In my opinion, the most despicable thing in the world is physical torture. Not death, nor disease, nor eating junk food for breakfast. Torture, that fearful spectre that’s been haunting humanity since the dawn of time.
Torture makes me so angry that I believe national sovereignty is worth overruling to prevent it. For instance, North Korea is running a network of gulags observable by spy satellites. Hundreds of thousands of people are suffering there, with at least a few tens of thousands undergoing actual torture every year, if not many more. Punishment cells, and worse.
Why not march soldiers right into North Korea, free people from the camps, and set up a government that doesn’t imprison and torture its own people for political reasons? Well, as we’ve seen with Iraq, it’s not so easy. But if we had the money, the manpower, and reason to believe we could set up a stable government after the invasion, would it be worth it? It warrants thinking about. My answer is yes. (Assume we did actually have reason to believe we could set up a stable government, even if you believe that’s impossible. If it is impossible for an invading force to ever set up a stable government, under any circumstances, then obviously the plan wouldn’t work.)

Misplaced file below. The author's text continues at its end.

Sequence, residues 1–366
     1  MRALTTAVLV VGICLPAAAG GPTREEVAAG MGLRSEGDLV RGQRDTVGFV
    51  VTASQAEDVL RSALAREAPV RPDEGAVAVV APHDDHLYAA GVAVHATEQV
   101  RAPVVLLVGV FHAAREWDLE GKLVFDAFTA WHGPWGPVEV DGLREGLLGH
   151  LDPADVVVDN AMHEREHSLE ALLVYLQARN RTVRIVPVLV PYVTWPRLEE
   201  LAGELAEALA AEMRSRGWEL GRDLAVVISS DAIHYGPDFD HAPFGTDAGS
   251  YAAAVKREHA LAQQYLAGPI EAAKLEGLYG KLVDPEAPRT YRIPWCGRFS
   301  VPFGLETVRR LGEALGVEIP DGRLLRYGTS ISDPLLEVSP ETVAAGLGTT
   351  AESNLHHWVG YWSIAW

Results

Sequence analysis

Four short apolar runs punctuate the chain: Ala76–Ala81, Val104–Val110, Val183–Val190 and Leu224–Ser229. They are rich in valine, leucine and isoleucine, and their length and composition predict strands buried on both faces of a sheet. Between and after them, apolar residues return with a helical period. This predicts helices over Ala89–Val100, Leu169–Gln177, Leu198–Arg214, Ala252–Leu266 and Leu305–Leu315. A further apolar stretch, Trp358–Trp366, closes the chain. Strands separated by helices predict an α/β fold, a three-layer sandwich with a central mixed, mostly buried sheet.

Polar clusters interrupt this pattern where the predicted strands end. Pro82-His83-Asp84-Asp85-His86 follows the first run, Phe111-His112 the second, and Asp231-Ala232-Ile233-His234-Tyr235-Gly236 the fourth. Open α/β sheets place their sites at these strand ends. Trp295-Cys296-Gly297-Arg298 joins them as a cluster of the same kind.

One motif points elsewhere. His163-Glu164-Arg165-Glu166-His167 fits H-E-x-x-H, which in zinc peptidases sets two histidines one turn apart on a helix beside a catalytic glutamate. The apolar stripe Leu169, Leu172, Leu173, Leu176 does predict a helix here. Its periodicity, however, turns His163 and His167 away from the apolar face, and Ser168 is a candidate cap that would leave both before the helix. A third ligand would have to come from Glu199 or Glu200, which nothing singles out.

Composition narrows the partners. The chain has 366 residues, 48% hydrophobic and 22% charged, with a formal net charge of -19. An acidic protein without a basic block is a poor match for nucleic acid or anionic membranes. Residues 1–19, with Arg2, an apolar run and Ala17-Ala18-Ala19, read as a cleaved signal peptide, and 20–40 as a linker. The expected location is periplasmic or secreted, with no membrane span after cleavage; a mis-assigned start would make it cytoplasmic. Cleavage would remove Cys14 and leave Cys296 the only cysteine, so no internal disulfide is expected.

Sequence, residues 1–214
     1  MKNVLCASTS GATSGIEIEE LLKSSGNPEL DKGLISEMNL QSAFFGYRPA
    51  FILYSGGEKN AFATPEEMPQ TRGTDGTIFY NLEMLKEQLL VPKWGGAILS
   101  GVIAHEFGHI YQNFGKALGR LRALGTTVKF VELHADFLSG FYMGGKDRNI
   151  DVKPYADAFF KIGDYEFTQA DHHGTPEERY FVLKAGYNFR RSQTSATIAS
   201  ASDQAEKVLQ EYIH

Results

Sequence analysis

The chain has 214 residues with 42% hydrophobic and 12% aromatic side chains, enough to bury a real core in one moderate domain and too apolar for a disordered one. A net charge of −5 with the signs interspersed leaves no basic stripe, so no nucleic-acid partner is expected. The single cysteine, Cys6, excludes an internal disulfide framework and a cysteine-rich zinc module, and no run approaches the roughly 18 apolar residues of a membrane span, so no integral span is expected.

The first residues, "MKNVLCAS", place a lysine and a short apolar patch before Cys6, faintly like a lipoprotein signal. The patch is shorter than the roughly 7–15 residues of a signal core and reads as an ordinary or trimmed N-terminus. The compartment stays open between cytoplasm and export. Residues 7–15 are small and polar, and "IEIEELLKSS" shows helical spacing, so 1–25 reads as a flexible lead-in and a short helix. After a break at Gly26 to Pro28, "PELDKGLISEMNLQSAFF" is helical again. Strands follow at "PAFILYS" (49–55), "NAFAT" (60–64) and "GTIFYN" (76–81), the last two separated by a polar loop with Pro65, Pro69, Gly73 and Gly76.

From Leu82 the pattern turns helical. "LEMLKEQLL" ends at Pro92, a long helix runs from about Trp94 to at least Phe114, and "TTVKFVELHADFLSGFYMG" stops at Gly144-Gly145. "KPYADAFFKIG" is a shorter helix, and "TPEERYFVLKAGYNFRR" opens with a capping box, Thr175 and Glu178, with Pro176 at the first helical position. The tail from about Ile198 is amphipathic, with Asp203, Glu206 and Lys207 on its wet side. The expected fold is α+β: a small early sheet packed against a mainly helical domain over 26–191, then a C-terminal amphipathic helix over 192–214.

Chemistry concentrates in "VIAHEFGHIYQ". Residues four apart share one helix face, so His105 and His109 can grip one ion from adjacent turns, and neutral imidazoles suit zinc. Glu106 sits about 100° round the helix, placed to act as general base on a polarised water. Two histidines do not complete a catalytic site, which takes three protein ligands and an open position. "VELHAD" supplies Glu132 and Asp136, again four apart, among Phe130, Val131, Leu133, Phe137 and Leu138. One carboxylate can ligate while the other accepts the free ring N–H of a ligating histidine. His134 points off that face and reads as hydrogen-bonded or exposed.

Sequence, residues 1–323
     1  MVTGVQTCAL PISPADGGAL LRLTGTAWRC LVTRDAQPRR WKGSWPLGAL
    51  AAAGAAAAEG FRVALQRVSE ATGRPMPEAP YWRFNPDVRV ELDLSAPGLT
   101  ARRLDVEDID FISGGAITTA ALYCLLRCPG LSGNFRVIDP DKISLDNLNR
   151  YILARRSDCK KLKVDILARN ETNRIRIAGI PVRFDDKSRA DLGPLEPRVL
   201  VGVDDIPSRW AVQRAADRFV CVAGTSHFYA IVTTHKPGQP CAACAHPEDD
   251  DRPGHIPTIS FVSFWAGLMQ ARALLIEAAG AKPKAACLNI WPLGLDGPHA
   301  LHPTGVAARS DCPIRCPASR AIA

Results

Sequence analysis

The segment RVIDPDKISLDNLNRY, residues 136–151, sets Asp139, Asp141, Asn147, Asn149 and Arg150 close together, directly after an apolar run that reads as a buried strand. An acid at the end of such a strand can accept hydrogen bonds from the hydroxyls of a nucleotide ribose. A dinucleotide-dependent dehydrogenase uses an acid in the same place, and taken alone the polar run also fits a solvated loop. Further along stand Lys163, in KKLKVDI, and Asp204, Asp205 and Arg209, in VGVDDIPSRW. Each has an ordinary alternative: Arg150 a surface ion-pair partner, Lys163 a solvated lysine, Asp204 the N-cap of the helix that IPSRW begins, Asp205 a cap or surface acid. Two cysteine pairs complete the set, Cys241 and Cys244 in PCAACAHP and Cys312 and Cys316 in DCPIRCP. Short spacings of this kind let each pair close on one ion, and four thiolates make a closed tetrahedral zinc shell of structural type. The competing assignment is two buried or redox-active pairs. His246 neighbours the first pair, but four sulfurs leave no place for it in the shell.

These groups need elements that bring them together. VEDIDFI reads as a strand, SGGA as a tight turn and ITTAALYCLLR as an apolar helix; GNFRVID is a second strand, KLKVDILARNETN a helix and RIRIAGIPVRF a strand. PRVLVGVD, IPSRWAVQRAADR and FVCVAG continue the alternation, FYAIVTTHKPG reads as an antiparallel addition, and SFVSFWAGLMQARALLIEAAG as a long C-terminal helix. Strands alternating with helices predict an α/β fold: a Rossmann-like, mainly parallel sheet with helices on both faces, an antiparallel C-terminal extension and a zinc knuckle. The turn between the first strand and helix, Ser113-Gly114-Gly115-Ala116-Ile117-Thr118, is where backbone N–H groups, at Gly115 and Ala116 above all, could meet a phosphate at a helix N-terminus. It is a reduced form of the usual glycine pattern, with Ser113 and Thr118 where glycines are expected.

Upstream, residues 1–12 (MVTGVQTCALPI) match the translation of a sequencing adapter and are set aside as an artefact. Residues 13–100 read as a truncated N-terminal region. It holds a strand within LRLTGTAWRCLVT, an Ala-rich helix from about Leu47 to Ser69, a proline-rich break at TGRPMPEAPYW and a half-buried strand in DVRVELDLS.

Technological advances in the next few decades are going to make unimaginably horrible torture possible. Much worse than we’ve seen already. For one, there’s the “pain beam”, a laser pulse tuned perfectly to stimulate human pain receptors. I won’t say anything more about high-tech torture, because I don’t even want to risk the minute chance a torturer sees this page in coming decades and gets any ideas. For instance, an Iraqi citizen commented, “the day Uday Hussein discovered the Internet was a dark day for Iraq”. This is because Uday used the Internet as a source of inspiration for torture.
For me, the issue of high-tech torture is sufficient to legitimize the prospect of a trans-national body capable of violating the sovereignty of states to intervene in cases of state-sponsored torture. Police are the world’s number one torturers. Of course, this is a step towards world government, and I’m perfectly comfortable with that. I love my country, the United States of America, but I think some causes are so important they transcend statehood. Preventing torture is one of those causes.
People used to think that torture is one of those things that only bad people do. Not so. Under the right circumstances, practically anyone could become a torturer. The long-term solution is overwhelmingly obvious — modify the human genome so that we no longer have the desire to torture, no matter the circumstances. This is a case study for the generalized argument that reengineering the human species is a moral imperative. It might make some people squirmy, but because humanity isn’t perfect, there are some major possibilities for improvement. When the potential benefits become obvious, the polity will welcome them wholeheartedly.
When proposing modification of the human species, note that I advocate leadership by example, and never obligatory eugenics a la all the scaremongering sci-fi out there.